Any dancer or doctor knows full well what an incredibly expressive device your body is. 300 joints! 600 muscles! Hundreds of degrees of freedom!

The next time you make breakfast, pay attention to the exquisitely intricate choreography of opening cupboards and pouring the milk — notice how your limbs move in space, how effortlessly you use your weight and balance. The only reason your mind doesn’t explode every morning from the sheer awesomeness of your balletic achievement is that everyone else in the world can do this as well.

With an entire body at your command, do you seriously think the Future Of Interaction should be a single finger?

 

 

Photo credit jstarpl @ Flickr

NYT: So Many Gadgets, So Many Aches

A nice but short article in the New York Times about the ergonomic challenges with new electronic devices.  I’m pleasantly surprised that the article mentioned both physical and cognitive issues.  When most people hear or think of “ergonomics” they think of physical issues only.

Most of the content will not be new to HFB readers but it’s nice that the topic is receiving more mainstream attention.

Texting has led to an increase in a condition known as De Quervain’s tenosynovitis, where the tendons become so inflamed that it becomes painful to move your thumb, affecting your ability to hold things, Professor Hedge said.

Don’t discount psychological factors, she added. Mental stress can cause you to tense your muscles, aggravating any existing physical stress.

(Thanks Kim!)

Resources: Human Factors Design Considerations in Home Health Technology

The National Academies of Science and Agency for Healthcare Research and Quality have just released two publications.

The first, Health Care Comes Home, is a 200 page report:

Health Care Comes Home reviews the state of current knowledge and practice about many aspects of health care in residential settings and explores the short- and long-term effects of emerging trends and technologies. By evaluating existing systems, the book identifies design problems and imbalances between technological system demands and the capabilities of users. Health Care Comes Home recommends critical steps to improve health care in the home. The book’s recommendations cover the regulation of health care technologies, proper training and preparation for people who provide in-home care, and how existing housing can be modified and new accessible housing can be better designed for residential health care. The book also identifies knowledge gaps in the field and how these can be addressed through research and development initiatives.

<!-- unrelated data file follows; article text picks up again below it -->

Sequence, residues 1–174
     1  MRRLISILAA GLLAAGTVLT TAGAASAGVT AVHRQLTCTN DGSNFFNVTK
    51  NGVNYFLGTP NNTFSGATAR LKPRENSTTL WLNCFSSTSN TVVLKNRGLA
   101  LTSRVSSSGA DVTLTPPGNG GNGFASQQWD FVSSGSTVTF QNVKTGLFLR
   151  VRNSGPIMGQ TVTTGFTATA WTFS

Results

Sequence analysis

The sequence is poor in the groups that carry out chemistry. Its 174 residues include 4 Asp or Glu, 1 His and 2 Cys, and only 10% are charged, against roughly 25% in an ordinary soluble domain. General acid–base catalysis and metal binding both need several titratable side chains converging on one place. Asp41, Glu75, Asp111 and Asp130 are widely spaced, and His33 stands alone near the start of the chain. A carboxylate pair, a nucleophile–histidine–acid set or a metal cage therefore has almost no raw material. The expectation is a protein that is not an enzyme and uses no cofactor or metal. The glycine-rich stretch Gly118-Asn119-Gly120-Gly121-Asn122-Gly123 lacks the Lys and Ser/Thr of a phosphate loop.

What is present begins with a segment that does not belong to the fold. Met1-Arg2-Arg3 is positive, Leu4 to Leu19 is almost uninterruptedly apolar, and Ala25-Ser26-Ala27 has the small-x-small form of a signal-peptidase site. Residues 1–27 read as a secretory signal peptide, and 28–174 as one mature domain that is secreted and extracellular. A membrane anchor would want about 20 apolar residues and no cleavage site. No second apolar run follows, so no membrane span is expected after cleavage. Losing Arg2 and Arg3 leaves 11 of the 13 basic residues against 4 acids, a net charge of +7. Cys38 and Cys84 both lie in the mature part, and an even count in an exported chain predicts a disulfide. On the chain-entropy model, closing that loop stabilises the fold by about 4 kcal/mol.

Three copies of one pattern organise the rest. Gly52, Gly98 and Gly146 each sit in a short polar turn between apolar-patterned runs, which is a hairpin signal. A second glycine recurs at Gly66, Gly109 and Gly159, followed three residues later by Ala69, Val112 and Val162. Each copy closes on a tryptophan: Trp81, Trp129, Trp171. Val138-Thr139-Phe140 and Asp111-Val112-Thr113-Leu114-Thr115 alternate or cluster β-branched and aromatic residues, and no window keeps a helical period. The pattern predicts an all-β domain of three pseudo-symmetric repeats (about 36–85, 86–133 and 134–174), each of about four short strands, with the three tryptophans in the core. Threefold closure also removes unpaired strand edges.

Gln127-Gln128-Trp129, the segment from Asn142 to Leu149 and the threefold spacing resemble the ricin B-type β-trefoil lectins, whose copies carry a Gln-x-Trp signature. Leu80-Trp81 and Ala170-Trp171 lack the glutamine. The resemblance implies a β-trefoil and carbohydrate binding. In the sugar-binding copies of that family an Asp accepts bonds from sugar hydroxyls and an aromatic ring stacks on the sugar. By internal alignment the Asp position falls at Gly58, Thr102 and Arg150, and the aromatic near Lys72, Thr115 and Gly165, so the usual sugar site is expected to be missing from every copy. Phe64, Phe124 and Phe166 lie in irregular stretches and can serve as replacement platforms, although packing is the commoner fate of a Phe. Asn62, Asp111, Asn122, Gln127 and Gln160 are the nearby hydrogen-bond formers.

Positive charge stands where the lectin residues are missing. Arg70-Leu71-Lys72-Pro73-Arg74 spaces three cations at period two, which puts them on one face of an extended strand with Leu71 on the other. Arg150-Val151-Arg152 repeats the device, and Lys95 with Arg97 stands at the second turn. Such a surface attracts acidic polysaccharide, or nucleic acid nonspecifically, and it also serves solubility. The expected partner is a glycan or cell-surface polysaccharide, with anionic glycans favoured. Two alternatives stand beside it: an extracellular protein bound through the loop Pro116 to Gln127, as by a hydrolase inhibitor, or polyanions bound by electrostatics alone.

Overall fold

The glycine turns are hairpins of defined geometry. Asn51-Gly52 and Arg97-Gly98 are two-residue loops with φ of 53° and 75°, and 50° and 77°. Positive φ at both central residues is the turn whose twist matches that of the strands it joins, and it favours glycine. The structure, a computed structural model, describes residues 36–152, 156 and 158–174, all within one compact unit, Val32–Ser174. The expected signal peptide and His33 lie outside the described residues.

The second, Consumer Health Information Technology in the Home: A Guide for Human Factors Design Considerations, is a free designers guide:

Consumer Health Information Technology in the Home introduces designers and developers to the practical realities and complexities of managing health at home. It provides guidance and human factors design considerations that will help designers and developers create consumer health IT applications that are useful resources to achieve better health.

“The Capacitive Button Cult Must Be Stopped”

I completely agree:

A capacitive button has no place on a phone, and the people who are pushing it into the marketplace are over-fetishizing visual design to the detriment of the overall experience. Which is a bit of a pet peeve of mine.

Nokia seems to think otherwise.

Design Dare via Daring Fireball

For projectors, new technology means new training (and new errors!)

Mode errors! Coming soon to a theater near you? Have you ever forgotten to set your camera back to Auto from Portrait? How about not understanding what those modes mean? Apparently a similar phenomenon occurs in the professional world of movie theaters. There is a special lens filter used for 3-D movies and when it is not removed for normal movies, the brightness of the film suffers. See the story below for details.

A movie lover’s plea: Let there be light: Many theaters misuse 3-D lenses to show 2-D films, squandering brightness, color

So why aren’t theater personnel simply removing the 3-D lenses? The answer is that it takes time, it costs money, and it requires technical know-how above the level of the average multiplex employee. James Bond, a Chicago-based projection guru who serves as technical expert for Roger Ebert’s Ebertfest, said issues with the Sonys are more than mechanical. Opening the projector alone involves security clearances and Internet passwords, “and if you don’t do it right, the machine will shut down on you.’’ The result, in his view, is that often the lens change isn’t made and “audiences are getting shortchanged.’’

I think “and if you don’t do it right, the machine will shut down on you” summed it up nicely!

Photo credit PatrickBeeson at Flickr.